Eyes on the prize: Kerber and Barty set dreamy Wimbledon semi-final
Ash Barty and Angelique Kerber have had tremendous success on the grass, but only one will reach this year’s Wimbledon final as the pair are slated to meet for the fifth time, and first since 2018, in Thursday’s semi-finals at SW19.
Ashleigh Barty and Angelique Kerber are producing their best tennis at Wimbledon in 2021. All that remains is for one of the two to power into the 2021 Wimbledon final.
Barty, who eased past compatriot Ajla Tomljanovic on Tuesday, 6-1, 6-3, to book her first Wimbledon semi-final appearance, and Kerber, who topped Karolina Muchova, 6-2, 6-3, to reach her fourth, both appear to be at the height of their powers on the surface that suits them the best.
Next comes the biggest test that each has faced this year at SW19.
Kerber: a tough puzzle to solve on grass
Kerber, riding a 10-match winning streak, improved her career record on grass to 80-28 and stretched her Wimbledon win-loss record to 36-11 with her win over Muchova. The 33-year-old German is a difficult puzzle to solve on this surface, due to the fact that she handles pace as well as any player, and can defend her baseline by cutting off angles and doing her signature knee bends to dig out low balls and counterpunch with stunning aggression.
“There’s something about Kerber and a grass court,” says ESPN analyst Pam Shriver. “She gets down so low with the ball.”
“She plays good angles, and she plays really low,” Muchova said after her loss to the German. “It’s not really jumping high – that’s definitely an advantage for her.”
The German can also present major problems as a returner. Through her five matches at Wimbledon this year, she has won 45 percent of her first-serve return points and 52 percent of her second-serve return points. She’s averaging five breaks of serve per match – a hefty total on tennis’ fastest surface.
Barty has the tools to attack or defend – and the forehand
The challenge will be great for Barty in her first Wimbledon semi-final. The top seed will face a veritable Wimbledon juggernaut that has what it takes to counter her legendary slice and spot serves. But Barty has more than her variety, slice and “all-court” game to throw at Kerber. She also has a menacing forehand.
The world No 1 has amassed 68 forehand winners through five rounds at Wimbledon. Kerber has 44.
“Her forehand was working,” said ESPN Analyst Chris Evert, who mentioned the fact that Barty had 17 forehand winners in her quarter-final against Tomljanovic, while her opponent only managed one.
“We talk about her finesse, and the slices and the different speeds, but we don’t talk enough about that powerful forehand that she has to complement her game.”Chris Evert on Ashleigh Barty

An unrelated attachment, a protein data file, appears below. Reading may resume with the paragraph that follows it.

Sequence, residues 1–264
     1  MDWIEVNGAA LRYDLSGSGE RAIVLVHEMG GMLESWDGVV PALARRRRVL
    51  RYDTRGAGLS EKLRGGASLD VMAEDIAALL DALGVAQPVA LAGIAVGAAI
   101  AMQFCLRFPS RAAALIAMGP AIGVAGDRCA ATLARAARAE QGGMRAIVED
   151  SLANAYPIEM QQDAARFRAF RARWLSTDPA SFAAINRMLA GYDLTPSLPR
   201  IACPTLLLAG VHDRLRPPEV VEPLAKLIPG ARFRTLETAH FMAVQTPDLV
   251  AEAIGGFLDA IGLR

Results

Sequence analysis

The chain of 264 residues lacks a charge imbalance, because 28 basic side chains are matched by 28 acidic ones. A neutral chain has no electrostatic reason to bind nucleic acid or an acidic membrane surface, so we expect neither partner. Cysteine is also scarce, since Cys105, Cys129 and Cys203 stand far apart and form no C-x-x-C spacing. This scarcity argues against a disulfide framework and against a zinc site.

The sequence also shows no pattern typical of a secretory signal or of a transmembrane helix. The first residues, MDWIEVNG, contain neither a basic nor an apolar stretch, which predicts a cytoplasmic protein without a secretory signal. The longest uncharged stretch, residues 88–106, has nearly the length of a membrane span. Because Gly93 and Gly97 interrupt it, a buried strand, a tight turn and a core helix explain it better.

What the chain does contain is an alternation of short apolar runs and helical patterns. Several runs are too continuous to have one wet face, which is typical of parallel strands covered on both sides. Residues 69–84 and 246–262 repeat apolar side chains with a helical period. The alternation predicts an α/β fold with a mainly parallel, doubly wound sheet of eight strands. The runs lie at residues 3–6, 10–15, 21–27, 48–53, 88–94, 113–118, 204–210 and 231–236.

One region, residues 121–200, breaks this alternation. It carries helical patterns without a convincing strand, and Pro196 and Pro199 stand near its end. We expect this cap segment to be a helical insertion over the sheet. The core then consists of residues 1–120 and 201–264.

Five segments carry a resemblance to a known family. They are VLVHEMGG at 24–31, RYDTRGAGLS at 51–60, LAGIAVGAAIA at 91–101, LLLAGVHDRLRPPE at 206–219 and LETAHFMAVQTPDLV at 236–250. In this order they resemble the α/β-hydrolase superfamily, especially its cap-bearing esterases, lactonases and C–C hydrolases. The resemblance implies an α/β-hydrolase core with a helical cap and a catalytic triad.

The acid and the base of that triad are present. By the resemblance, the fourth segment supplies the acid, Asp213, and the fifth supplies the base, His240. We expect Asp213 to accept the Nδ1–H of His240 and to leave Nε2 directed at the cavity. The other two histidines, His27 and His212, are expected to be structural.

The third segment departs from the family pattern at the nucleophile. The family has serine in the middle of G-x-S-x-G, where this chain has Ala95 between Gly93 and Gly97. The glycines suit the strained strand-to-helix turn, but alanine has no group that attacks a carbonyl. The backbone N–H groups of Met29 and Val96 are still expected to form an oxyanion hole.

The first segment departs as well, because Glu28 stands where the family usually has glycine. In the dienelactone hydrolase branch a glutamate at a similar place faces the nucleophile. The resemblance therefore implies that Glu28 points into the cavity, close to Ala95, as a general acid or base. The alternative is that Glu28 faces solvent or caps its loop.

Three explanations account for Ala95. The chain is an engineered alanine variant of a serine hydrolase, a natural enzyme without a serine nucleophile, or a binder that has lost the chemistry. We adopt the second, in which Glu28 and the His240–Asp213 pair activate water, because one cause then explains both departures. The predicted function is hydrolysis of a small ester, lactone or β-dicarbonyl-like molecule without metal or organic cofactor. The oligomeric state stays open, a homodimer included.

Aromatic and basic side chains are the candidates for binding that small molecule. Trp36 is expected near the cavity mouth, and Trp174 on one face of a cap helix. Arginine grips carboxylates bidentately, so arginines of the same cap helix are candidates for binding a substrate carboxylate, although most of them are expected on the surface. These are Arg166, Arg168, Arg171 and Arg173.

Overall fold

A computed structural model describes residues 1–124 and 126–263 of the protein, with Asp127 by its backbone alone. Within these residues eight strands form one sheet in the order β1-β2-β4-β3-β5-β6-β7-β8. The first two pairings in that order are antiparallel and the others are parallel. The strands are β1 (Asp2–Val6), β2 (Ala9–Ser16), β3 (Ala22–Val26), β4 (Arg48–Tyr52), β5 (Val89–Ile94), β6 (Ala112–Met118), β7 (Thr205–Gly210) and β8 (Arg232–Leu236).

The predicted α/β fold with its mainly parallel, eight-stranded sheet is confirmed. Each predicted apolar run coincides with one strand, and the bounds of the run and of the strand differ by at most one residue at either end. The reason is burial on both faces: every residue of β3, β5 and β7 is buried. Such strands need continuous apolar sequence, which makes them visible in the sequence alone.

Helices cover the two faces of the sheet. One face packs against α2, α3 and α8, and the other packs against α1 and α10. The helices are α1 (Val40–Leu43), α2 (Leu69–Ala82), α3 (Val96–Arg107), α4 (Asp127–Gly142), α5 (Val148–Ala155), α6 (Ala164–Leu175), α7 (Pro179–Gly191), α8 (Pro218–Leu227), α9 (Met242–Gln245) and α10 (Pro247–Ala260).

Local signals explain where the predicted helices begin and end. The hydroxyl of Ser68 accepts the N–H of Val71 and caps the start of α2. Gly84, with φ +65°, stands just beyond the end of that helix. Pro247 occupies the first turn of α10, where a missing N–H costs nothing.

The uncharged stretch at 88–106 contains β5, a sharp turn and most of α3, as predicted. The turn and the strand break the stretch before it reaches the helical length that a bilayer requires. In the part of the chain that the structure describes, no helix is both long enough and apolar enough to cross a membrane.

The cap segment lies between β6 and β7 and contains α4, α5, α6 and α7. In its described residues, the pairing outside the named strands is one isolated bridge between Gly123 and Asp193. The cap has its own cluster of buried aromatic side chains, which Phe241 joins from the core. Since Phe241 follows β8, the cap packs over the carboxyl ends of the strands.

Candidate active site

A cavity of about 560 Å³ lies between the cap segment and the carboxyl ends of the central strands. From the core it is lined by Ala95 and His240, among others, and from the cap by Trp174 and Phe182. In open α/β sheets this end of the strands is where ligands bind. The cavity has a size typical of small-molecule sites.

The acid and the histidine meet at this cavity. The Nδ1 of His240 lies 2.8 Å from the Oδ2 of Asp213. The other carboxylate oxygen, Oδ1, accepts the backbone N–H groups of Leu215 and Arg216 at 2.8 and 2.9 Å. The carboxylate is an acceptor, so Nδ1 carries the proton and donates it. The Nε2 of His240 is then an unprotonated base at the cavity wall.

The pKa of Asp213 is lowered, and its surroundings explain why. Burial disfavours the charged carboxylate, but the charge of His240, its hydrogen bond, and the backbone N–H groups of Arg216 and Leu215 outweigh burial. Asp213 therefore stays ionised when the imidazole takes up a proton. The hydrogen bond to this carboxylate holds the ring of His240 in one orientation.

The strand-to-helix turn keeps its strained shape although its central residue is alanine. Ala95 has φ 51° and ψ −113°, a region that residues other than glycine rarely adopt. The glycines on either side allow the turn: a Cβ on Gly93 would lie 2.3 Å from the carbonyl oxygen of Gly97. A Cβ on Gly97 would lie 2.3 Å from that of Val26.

Two of the best on grass
Kerber – 80-28 – and Barty – 31-9 – have combined for an impressive 75 percent winning percentage on grass over the course of their collective careers. It’s no surprise that these two players will spend a Wimbledon semi-final across the net from each other, but to have it happen in 2021 is somewhat surprising.
Kerber was 9-10 before she took off on the ten-match winning streak that started with her title run at Bad Homburg a few weeks back.
“Of course the last few months it was really tough,” Kerber told reporters on Tuesday. “Of course I was not being able to have this result which I was actually looking for. For me, I was never stopping believing in myself, in my team.”
“For me, I love to play tennis and I love this sport, to go out there and to be playing again in front of the fans. I think also that pushes me to play my best tennis right now.”Angelique Kerber, Wimbledon 2021
Barty has been in excellent form this season, but when an injury forced her to retire in the second round at Roland-Garros dark clouds hovered over her Wimbledon in 2021. But she’s here, and seemingly in perfect health. Gone is the heavy strapping that she wore on her left thigh through much of the clay season.
“We’ve been able to go through the rehab, do what we’ve needed to do, give ourselves the best chance to play here at Wimbledon,” she said before the tournament. “Now I feel like I’m fit, I’m ready to play I’m excited to play. To have an opportunity to again play main draw here at Wimbledon is certainly something that excited me and really drove me to do everything as best as I possibly could with my team to make sure we’re fit and we’re here playing.”
Overcoming adversity, peaking at the right time, and cultivating the perfect game for the grass that is built to withstand all challenges, Kerber and Barty have shown the public how a well-rounded, nuanced game can thrive on Wimbledon’s grass.
Now they’ll show each other who does it better with a spot in the final on the line.